- Renewable commodity chemical production
- Environmentally friendly and sustainable pathway to commodity chemicals
- Reduces dependence on petroleum products
- The polyketide synthases can be modified to tailor make a variety of dicarboxylic acids
Researchers at the Joint BioEnergy Institute (JBEI) have developed a technology utilizing polyketide synthases (PKS) for biologically synthesizing a dicarboxylic acid. These diacids, such as adipic acid, are the starting materials required for the synthesis of nylons and polyester products. Rather than relying on acid extraction from petroleum and other fossil fuels, this method uses renewable sugar feedstocks yielding a sustainable method of polyester synthesis. Other laboratories have modified the same type of enzymes for the manufacture of pharmaceutical and agricultural products, but the JBEI team is the first to design PKSs to synthesize dicarboxylic acids.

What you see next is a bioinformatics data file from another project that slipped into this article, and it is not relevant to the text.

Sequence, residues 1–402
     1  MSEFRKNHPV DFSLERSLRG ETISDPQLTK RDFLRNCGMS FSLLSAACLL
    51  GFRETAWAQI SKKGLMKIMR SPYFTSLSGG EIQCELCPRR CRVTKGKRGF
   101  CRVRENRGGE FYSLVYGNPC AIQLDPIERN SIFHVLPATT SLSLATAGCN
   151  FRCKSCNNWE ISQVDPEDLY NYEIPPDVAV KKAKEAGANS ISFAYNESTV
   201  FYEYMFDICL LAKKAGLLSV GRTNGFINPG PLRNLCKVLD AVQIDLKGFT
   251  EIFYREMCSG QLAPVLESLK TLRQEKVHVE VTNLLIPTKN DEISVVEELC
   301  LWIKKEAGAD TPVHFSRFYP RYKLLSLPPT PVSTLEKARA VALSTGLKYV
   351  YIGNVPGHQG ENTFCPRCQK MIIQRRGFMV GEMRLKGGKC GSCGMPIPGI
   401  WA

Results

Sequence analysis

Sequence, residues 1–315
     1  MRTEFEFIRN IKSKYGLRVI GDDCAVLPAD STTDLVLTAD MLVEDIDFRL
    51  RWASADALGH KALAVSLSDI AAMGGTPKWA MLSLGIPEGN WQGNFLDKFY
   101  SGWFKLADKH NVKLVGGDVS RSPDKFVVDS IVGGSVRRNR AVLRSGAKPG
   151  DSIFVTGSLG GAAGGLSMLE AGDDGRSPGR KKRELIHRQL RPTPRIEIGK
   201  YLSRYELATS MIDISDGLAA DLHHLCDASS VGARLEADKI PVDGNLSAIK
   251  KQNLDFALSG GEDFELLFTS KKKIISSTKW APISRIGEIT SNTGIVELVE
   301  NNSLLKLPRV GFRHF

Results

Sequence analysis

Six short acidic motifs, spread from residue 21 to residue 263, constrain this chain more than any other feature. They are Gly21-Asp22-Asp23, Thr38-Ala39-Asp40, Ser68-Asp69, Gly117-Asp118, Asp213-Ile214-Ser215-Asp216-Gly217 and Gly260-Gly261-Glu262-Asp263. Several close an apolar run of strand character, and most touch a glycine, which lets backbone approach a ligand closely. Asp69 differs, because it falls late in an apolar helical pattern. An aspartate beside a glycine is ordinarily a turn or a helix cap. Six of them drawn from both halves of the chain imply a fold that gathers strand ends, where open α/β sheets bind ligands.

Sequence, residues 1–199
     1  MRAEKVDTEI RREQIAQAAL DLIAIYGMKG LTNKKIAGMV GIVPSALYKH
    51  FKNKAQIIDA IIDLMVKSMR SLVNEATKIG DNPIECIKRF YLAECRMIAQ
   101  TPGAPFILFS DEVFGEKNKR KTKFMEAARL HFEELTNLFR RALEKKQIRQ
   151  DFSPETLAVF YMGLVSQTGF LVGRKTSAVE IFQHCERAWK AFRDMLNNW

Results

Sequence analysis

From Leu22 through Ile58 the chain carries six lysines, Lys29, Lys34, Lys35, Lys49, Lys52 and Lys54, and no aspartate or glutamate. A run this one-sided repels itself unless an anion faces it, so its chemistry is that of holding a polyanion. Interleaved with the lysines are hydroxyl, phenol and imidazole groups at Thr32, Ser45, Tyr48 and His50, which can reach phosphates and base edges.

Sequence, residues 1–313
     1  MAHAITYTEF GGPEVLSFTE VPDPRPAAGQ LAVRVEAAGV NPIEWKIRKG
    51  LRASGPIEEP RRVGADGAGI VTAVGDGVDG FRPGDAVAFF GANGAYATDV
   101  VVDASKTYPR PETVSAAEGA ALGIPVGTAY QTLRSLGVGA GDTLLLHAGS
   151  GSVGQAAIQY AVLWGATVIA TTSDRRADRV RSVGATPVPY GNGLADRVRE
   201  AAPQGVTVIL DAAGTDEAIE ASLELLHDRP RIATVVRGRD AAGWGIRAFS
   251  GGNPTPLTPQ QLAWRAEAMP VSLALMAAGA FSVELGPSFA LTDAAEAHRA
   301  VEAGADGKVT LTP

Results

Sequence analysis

PKSs are enzymes that produce compounds that possess antibacterial, immunosuppressive, and anti-cancer qualities. Through the manipulation of PKS reactions that utilize sugar as an energy source, the process of creating diacid derivatives to be used in polyester synthesis becomes streamlined and renewable. The sugars can be derived from the deconstruction of biomass. Currently, millions of metric tons of fossil fuels are used for commodity chemical production.
DEVELOPMENT STAGE: Proven principle.
FOR MORE INFORMATION:
Hagen, A. R., Poust, S., de Rond, T., Fortman, J. L., Katz, L.,Petzold, C., Keasling, J. D. “Engineering a polyketide synthase for in vitro production of adipic acid,” ACS SynBiol. 5:21-27, 2015. doi: 10.1021/acssynbio.5b00153.
STATUS: Patent pending. Available for licensing or collaborative research.
REFERENCE NUMBER: 2015-106